Submitted by oscarluke on
This week, Judge Payne of the Eastern District of Virginia, Richmond Division, dismissed a patent complaint, and counterclaims, sua sponte, for both parties' failure to meet the requirements of Twombly and Iqbal. Pro se Plaintiffs Saied and Bijan Tadayon filed suit against Execubus, Inc., asserting infringement of US Patent No. 7,031,657. The complaint identifies the following accused products: "systems that come within the scope of multiple claims, including (but not limited to) claims 1, 2, 3, 4, 9, 11, 16, 17, 19, 24, and 25 of the '657 Patent," and "Upon information and belief, such systems include, but may not be limited to, the Vamoose's Wi-Fi services/systems which provide Wi-Fi (wireless zone) within its buses, while providing data transmission." The counterclaims state (1) for noninfringement simply that Exeubus has not infringed, and (2) for invalidity that "[t]he '657 Patent fails to meet the requirements for patentability set forth in 35 U.S.C. § 101, 102, 103, and 112."
After the counterclaims were filed, but without any motion to dismiss from either party, the Court sua sponte dismissed both the complaint and the counterclaims, with leave to refile a "proper Complaint and a proper Counterclaim that satisfy the pleading requirements set forth in Twombly and Iqbal" as follows:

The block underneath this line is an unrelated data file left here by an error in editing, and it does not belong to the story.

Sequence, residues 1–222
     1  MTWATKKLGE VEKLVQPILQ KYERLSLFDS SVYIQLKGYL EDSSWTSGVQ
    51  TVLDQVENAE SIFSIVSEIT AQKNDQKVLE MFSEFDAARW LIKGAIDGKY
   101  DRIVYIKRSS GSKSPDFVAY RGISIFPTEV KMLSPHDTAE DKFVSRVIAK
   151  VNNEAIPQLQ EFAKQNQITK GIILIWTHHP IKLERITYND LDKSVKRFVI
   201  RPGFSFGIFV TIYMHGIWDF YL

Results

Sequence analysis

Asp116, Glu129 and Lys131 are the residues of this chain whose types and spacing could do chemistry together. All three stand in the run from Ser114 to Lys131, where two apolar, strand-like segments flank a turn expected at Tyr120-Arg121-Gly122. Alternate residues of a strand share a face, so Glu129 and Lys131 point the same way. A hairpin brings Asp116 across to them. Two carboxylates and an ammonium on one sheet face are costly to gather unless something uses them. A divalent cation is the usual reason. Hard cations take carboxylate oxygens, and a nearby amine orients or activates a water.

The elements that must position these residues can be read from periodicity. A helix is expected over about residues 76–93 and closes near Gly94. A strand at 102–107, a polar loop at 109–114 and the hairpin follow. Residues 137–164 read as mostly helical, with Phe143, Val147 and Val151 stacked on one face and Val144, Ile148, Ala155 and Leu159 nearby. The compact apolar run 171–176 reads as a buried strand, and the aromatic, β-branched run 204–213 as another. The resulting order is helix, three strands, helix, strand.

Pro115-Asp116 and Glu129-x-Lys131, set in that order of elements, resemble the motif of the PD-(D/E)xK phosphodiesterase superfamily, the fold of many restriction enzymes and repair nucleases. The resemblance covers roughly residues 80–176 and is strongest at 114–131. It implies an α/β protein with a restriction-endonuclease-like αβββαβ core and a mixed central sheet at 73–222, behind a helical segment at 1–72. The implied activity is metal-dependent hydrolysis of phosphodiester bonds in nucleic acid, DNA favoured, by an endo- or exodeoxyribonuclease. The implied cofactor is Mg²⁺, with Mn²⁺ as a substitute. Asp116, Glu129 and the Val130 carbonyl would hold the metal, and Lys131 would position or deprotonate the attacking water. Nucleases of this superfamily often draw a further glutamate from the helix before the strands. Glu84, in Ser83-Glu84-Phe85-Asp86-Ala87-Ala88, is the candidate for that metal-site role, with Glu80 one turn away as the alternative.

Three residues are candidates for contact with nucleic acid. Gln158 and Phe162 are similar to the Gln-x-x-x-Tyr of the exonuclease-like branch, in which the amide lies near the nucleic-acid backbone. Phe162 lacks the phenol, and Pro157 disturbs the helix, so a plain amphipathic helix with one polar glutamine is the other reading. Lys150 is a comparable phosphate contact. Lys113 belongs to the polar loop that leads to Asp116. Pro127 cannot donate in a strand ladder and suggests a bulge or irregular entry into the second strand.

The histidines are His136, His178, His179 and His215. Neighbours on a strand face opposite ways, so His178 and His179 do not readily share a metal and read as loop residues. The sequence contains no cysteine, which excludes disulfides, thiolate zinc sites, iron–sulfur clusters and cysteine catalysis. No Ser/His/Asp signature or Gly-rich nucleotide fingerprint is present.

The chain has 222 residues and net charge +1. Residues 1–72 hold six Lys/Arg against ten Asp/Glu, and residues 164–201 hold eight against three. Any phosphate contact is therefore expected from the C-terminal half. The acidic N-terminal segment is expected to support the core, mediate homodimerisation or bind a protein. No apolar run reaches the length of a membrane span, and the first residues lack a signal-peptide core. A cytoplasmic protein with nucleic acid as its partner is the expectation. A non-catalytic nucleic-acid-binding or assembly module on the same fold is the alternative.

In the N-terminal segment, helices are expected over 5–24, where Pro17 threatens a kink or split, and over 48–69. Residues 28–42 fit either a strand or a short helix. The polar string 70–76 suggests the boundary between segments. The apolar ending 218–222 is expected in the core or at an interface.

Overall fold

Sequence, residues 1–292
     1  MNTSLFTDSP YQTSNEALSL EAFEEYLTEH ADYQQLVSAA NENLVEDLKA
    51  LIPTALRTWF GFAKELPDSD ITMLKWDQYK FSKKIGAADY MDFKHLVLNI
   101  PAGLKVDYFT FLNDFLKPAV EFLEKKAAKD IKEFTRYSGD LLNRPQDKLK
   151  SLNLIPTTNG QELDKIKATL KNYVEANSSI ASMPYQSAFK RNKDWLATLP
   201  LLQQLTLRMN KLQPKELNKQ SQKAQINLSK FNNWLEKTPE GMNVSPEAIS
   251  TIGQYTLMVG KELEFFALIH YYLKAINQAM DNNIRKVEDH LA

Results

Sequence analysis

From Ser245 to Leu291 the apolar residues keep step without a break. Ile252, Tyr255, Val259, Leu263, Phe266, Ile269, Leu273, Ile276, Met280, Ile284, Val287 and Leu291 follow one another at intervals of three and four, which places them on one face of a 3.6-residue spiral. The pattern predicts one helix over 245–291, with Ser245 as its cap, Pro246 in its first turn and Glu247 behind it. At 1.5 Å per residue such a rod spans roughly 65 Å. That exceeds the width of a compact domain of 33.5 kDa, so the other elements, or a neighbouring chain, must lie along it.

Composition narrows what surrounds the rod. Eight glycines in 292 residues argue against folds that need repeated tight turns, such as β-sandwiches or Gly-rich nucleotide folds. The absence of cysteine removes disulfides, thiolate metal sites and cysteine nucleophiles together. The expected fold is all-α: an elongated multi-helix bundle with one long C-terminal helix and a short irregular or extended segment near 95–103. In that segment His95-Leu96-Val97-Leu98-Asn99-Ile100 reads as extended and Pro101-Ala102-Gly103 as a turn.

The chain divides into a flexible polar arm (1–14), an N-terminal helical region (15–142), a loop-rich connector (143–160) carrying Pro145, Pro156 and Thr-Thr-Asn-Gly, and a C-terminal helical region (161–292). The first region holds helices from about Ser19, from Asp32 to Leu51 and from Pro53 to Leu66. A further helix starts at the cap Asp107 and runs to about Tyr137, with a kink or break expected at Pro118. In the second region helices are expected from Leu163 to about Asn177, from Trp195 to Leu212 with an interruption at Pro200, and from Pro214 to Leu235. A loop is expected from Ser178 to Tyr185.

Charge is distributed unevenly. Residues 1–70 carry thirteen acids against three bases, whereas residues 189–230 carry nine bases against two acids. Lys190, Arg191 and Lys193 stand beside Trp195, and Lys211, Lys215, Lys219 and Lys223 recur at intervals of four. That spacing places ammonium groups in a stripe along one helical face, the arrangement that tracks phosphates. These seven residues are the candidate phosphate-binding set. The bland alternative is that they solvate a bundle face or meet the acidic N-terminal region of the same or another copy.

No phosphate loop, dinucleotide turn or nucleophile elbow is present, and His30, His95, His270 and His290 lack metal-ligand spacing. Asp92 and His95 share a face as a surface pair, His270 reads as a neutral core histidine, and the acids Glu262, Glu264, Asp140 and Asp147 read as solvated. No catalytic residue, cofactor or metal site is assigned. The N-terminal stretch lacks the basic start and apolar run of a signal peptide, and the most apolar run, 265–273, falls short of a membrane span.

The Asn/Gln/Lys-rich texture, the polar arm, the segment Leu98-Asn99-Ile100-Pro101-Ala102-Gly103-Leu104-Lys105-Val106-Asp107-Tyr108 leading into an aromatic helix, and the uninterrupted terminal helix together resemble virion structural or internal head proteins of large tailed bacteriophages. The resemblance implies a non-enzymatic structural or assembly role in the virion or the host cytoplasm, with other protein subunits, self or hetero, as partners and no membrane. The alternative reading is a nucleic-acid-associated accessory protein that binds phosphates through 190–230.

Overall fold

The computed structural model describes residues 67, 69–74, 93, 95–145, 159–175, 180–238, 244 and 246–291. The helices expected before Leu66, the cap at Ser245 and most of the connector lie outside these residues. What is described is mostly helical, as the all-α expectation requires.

[T]he Amended Complaint shall set forth, without using terms such as "including (but not limited to)" or "include, but may not be limited to," all aspects of each claim that is alleged to be infringed, claim by claim, and identifying the infringing product (by product by product [sic], by claim) and describe how the infringing product is alleged to offend; and shall not use conclusory language.
If a counterclaim is filed, it shall not use conclusory language and shall comply with the requirements of Twombly and Iqbal with respect to its assertions.
The decision, albeit without much in the way of detailed analysis, is noteworthy for at least three reasons. First, it was issued without a motion to dismiss by either party. Second, it prevents the plaintiff from using catchall language such as "including but not limited to" in its identification of the accused products. And third, and perhaps most importantly, it requires the plaintiff to provide a fair amount of detail in its amended complaint. I am unaware of any prior decision in this district requiring in the Complaint an identification of each claim asserted, all aspects of each claim alleged to be infringed, and a description of how the infringing product is alleged to infringe, by product, for each claim.